Titel: Engelsch leesboek voor eerstbeginnenden, benevens een woordenboekje
Auteur: Gedike, Friedrich
Uitgave: Deventer: J. de Lange, 1853
6e verb. dr
Opmerking: Vert. van: Englisches Lesebuch für Anfänger, nebst Wörterbuch und Sprachlehre. - 1795
Auteursrechten: Zie auteursrechten
Citeerinstructie: Bijzondere Collecties van de Universiteit van Amsterdam, UBM: Obr. 4089
Onderwerp: Taal- en letterkunde naar afzonderlijke talen: Engelse taalkunde
Trefwoord: Engels, Leermiddelen (vorm)
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   Engelsch leesboek voor eerstbeginnenden, benevens een woordenboekje
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of an ox. There are several kinds of camels,
those of Arabia have one hunch upon their backs.
These are sometimes called dromedaries. Those
of Persia have two bunches. The hair of the
camel is short and soft, and in the spring it falls
off in three days. Of the hair are made pencil-
brushes for painting, and some of the finest hats.
This animal is of little use but for burden, and
it will carry near 12000 pounds weight. In order
to be laden it kneels down. It will travel from
twenty five to thirty leagues a day, and will go
near nine days without drinking. The camel eats
but little and feeds upon herbs, hay, and the
leaves of trees. It lives commonly fifty years.
They never beat it to make it go on; the driver
needs only to whistle or sing. — I will next
mention a few strange animals of another kind;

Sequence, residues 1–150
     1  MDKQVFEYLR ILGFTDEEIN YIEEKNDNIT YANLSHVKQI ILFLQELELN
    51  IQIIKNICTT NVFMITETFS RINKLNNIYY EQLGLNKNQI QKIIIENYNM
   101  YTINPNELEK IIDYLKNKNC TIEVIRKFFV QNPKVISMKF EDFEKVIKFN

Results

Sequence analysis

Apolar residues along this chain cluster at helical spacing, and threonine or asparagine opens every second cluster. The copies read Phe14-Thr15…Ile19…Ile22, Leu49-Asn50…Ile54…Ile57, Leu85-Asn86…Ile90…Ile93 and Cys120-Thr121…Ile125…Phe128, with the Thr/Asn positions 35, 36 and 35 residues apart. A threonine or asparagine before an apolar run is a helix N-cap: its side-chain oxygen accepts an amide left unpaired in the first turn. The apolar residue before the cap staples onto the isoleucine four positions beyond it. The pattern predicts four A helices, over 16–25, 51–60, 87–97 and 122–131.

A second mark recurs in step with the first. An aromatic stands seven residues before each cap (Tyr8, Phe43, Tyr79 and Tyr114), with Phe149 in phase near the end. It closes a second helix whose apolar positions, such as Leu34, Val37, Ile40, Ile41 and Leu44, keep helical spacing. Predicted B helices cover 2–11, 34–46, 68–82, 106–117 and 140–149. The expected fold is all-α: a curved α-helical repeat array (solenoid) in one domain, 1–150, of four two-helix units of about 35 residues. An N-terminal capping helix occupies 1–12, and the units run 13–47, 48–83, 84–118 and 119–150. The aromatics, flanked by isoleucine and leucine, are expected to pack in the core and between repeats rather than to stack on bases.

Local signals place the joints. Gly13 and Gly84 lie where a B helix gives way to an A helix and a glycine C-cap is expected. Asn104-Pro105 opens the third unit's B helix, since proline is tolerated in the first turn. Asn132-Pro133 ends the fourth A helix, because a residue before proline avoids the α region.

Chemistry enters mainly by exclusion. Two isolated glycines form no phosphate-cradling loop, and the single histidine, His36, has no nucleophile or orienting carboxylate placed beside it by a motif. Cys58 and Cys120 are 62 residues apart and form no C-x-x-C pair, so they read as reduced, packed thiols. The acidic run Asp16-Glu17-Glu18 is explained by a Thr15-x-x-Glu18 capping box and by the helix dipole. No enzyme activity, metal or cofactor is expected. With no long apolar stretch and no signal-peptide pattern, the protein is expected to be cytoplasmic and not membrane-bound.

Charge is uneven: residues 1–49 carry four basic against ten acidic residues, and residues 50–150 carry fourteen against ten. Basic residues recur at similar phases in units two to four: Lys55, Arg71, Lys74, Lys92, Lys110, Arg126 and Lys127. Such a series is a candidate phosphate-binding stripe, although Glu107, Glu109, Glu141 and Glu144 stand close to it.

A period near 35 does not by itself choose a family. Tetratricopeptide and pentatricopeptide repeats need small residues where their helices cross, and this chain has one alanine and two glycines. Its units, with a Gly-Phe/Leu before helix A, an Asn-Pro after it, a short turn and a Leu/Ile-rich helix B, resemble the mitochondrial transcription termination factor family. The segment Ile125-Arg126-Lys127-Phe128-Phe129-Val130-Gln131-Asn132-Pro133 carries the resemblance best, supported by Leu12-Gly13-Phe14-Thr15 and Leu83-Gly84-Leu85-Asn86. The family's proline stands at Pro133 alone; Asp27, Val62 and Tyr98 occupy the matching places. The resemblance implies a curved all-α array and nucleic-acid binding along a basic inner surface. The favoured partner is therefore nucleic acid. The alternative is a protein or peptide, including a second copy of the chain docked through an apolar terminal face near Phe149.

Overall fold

such as are amphibious, that live, by turns, on
land and in water.
The most formidable of these animals is the
crocodile, which is found on the borders of the
Wile and other great rivers. There are some mon-
strous ones in the marshes adjoining the Ganges
in the East-Indies. One was taken in tho island
of Madagascar, more than fifty feet long, and
much larger have been seen. The crocodile has
short feet, and its body is covered with scales
as hard as to resist iron. It will devour both
men and animals when it seizes them ; it is very
artful in obtaining its prey, it hides itself and
imitates a plaintive cry, to attract passengers.
Hence it is we say, that affected distress is only
crocodile's tears. Such a monster would commit
great ravages, if it did multiply fast; but Provi-
dence has wisely prevented this, and has taken
care to give being to two other animals who are
mortal enemies to the crocodile. One is the
hippopotamus or sea-horse. This animal is as large
as an ox, with a head something resembling a
horse; its skin is an inch thick, and so hard,